The great crested newt, or GCN as it is often abbreviated, is one of the UK’s native amphibian species. The adults can be distinguished by their unusual appearance as they have black and ‘warty’ skin, with an orange underside.
Of Britain’s five native amphibian species, GCNs have suffered the steepest population declines particularly during the late 20th century. They are strictly protected by European and British law. Although they are widely distributed, their nature conservation status is threatened due to human activities and land uses, including agriculture, development and forestry, causing destruction of water bodies and degradation, loss and fragmentation of habitat.
GCN surveys are required if an area is considered suitable habitat for them and that area is to be disturbed for development. Confirming their presence is as simple as taking water samples for analysis for GCN eDNA. This sampling can be undertaken from mid-April although it is best done as soon as possible to allow for a full suite of six follow-up visits to determine population size. These have to be completed before the end of the validity period for GCN surveys in late June. Only with this survey data can an application be made for a European Protected Species Licence without which development cannot go ahead.
It is at this time of year that GCN eggs and larvae can be found in ponds and other suitable water bodies. Adult GCN that have over-wintered in terrestrial habitat begin moving to ponds and water bodies to breed. This could be as early as March or as late as May. The female GCNs lay and wrap their eggs singly in a leaf of a marginal plant, with egg laying reaching a peak in April and May.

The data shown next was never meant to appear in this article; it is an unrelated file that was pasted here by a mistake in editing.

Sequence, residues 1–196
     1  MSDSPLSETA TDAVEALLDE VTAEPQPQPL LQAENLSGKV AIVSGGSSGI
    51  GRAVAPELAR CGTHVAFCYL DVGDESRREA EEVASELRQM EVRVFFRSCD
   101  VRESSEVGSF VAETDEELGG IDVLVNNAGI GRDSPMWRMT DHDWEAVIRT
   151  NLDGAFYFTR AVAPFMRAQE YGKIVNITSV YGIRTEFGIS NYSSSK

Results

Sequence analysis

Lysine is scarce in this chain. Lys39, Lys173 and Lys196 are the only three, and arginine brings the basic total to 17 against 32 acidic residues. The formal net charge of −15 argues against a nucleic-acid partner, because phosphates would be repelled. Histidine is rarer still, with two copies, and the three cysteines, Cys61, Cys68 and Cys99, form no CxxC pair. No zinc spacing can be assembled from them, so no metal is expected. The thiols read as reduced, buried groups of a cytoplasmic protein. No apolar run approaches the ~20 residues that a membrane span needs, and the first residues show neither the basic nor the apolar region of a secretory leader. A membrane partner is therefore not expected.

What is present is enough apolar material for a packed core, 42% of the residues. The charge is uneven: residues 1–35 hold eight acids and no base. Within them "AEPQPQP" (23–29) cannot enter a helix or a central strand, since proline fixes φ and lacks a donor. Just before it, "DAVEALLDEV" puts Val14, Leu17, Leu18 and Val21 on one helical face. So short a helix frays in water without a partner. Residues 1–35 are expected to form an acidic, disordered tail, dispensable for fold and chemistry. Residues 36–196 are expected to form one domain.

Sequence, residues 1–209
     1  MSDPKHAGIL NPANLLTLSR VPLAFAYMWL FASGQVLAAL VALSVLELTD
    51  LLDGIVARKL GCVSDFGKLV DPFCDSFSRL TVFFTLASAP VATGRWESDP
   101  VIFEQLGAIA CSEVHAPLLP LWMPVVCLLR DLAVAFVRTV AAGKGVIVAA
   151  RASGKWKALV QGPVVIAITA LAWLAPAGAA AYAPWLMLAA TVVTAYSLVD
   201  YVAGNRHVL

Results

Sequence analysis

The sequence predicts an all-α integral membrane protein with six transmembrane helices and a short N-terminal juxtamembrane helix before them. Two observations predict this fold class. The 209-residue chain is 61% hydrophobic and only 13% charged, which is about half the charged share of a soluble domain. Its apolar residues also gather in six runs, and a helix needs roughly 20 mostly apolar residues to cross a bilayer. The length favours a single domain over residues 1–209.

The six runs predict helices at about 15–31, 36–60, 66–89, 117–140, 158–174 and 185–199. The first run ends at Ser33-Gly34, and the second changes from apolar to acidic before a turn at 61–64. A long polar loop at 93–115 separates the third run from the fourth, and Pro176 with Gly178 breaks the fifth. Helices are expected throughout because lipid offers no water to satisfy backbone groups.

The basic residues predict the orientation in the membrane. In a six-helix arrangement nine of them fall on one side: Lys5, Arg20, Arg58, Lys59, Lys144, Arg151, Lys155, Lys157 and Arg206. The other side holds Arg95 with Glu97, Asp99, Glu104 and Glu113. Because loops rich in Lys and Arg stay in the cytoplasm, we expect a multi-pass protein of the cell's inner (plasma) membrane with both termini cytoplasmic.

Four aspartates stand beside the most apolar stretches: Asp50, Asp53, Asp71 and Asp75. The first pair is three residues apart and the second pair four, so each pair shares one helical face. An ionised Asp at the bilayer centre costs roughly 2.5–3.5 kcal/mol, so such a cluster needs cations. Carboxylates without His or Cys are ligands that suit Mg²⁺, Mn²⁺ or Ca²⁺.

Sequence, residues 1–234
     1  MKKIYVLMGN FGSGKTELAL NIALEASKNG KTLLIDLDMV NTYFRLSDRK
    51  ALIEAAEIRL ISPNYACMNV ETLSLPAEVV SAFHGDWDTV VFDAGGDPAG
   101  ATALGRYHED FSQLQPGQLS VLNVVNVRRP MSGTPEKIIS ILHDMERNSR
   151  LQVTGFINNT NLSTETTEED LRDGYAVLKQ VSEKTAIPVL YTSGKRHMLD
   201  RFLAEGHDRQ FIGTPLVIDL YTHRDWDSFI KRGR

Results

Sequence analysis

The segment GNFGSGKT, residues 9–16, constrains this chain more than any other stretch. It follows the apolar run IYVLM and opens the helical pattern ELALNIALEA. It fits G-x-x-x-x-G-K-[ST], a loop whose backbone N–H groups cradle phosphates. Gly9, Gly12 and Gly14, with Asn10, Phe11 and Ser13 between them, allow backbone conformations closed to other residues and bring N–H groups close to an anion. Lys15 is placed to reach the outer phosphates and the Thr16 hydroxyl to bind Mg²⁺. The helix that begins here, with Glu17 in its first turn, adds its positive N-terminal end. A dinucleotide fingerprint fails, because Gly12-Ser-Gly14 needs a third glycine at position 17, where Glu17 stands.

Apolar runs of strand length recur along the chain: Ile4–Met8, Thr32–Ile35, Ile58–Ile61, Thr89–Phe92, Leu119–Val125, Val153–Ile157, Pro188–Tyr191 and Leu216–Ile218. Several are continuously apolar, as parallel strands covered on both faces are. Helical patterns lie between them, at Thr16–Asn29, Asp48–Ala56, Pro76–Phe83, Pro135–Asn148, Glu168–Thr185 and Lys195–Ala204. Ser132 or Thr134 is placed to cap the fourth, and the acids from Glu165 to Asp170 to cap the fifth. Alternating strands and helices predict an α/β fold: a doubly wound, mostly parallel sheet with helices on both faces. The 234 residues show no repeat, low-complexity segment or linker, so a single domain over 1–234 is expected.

Our surveyors have been excited to find GCN eggs, not only white, undeveloped eggs but also eggs containing developing embryos, which are clearly visible. Some have also been lucky to find GCN at other life stages. Appearing superficially like fish from a distance, GCN larvae can be identified by their orange gills, long toes, tail filament and dark blotches of pigmentation on their tail fins, crest and body. Finding signs of a protected species, or the species themselves, during survey work is normally very exciting for our junior ecologists, and even more so for our team of graduates who are in training. Our surveyors do not often discover GCN larvae (also called efts) but this can be quite a thrilling find during field surveys!